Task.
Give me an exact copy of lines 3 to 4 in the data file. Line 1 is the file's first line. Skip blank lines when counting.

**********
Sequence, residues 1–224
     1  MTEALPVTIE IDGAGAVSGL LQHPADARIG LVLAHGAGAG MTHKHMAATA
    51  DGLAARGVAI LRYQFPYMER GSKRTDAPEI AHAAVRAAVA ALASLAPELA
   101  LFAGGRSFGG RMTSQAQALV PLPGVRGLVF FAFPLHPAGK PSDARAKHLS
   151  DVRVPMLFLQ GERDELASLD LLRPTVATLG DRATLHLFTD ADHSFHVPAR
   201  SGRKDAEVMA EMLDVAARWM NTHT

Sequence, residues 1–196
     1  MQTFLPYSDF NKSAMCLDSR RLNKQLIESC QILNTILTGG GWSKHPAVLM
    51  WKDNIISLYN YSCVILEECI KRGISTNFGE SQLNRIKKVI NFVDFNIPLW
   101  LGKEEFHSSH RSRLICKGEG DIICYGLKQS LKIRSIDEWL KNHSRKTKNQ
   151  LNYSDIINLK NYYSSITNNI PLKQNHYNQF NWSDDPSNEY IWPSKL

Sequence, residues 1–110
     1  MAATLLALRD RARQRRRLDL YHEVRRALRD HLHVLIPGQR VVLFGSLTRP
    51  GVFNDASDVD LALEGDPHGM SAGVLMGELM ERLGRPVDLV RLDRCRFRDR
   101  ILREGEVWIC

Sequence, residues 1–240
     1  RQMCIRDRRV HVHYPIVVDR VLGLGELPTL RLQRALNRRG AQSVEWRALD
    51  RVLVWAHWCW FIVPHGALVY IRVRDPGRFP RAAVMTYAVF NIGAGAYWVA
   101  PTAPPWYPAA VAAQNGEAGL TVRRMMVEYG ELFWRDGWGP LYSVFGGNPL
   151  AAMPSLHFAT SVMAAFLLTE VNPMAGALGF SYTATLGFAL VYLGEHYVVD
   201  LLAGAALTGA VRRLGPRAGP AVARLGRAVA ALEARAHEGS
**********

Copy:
    51  DGLAARGVAI LRYQFPYMER GSKRTDAPEI AHAAVRAAVA ALASLAPELA
   101  LFAGGRSFGG RMTSQAQALV PLPGVRGLVF FAFPLHPAGK PSDARAKHLS